The Forgotten World War
In 2003, author Richard Rubin set out to interview the last surviving veterans of the Great War, the “War to End All Wars”. World War One.
The people he sought were over 101, one was 113. It could not have been easy, beginning with the phone call to next of kin. There is no delicate way to ask the question, “Is he still with us?” Most times, the answer was “no”.
Sometimes, it was “yes”, and Rubin would ask for an interview. The memories his subjects sought to bring back were 80 years old and more. Some spoke haltingly, and with difficulty. Others were fountains of information, as clear and lucid as if the memories of which they spoke, were only yesterday.
Rubin writes “Quite a few of them told me that they were telling me things that they hadn’t talked about in 50, 60, 70 years. I asked a few of them why not, and the surprising response often was that nobody had asked.”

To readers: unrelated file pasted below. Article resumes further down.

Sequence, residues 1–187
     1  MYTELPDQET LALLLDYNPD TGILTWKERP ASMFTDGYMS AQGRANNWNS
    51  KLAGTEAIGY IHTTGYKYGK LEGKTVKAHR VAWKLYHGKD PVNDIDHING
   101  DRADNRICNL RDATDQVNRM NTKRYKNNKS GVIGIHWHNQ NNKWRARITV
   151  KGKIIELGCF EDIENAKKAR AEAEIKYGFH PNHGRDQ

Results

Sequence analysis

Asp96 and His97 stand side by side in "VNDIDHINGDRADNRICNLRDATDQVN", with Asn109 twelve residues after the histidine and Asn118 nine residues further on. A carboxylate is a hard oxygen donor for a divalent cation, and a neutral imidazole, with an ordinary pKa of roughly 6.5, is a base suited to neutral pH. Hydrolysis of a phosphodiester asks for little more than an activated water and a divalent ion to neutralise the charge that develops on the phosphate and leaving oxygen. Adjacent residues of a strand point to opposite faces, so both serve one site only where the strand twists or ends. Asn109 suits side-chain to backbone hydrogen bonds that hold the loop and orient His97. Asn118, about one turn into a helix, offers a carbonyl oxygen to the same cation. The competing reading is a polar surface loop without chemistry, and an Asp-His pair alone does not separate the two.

Anthony Pierro of Swampscott, Massachusetts, served in Battery E of the 320th Field Artillery and fought in several of the major battles of 1918, including Oise-Aisne, St. Mihiel, and Meuse-Argonne.
Pierro recalled his time in Bordeaux, as the best time of the war. “The girls used to say, ‘upstairs, two dollars.’” Pierro’s nephew Rick interrupted the interview. “But you didn’t go upstairs.” Although possibly unexpected, Uncle Anthony’s response was a classic. “I didn’t have the two dollars”.
Reuben Law of Carson City, Nevada remembered a troop convoy broken up by a German U-Boat, while his own transport was swept up in the murderous Flu pandemic of 1918.
They’re not all men, either. 107-year-old Hildegarde Schan of Plymouth, Massachusetts speaks of caring for the wounded.
Howard Ramsey started a new burial ground in France, we now know as theMeuse-Argonne American Cemetery.
“So I remember one night”, Ramsey said, “It was cold, and we had no blankets, or nothing like that. We had to sleep, we slept in the cemetery, because we could sleep between the two graves, and keep the wind off of us, see?”